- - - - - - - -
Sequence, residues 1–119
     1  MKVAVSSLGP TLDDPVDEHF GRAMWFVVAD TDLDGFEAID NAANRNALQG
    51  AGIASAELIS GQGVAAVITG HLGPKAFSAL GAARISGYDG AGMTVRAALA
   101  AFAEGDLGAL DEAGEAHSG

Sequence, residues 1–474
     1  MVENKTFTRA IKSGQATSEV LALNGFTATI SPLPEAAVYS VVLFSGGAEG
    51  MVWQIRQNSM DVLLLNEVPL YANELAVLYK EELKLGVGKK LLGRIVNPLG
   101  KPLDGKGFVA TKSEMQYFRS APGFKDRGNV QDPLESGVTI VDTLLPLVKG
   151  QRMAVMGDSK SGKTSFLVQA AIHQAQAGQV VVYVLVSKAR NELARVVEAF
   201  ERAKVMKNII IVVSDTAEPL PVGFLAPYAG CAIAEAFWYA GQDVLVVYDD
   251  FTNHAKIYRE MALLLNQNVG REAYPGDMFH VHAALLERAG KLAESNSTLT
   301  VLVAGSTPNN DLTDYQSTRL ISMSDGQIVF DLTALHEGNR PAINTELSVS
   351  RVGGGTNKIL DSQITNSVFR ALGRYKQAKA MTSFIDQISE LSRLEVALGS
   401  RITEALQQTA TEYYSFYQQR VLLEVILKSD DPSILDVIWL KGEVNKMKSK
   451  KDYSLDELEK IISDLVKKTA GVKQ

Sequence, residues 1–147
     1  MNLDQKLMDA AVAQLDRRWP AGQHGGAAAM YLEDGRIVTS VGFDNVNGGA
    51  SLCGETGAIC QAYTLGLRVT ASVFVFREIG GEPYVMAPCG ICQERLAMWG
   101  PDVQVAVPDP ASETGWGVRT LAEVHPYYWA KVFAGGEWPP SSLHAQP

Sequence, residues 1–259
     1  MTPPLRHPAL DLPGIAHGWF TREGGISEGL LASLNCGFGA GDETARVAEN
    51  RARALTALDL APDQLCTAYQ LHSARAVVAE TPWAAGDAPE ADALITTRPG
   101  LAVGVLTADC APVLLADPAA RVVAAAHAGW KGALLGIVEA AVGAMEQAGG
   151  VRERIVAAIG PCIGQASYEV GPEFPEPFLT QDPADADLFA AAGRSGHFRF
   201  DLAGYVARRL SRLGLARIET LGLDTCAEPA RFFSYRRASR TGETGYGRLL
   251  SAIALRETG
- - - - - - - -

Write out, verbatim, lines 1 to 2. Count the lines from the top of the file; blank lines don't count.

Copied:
Sequence, residues 1–119
     1  MKVAVSSLGP TLDDPVDEHF GRAMWFVVAD TDLDGFEAID NAANRNALQG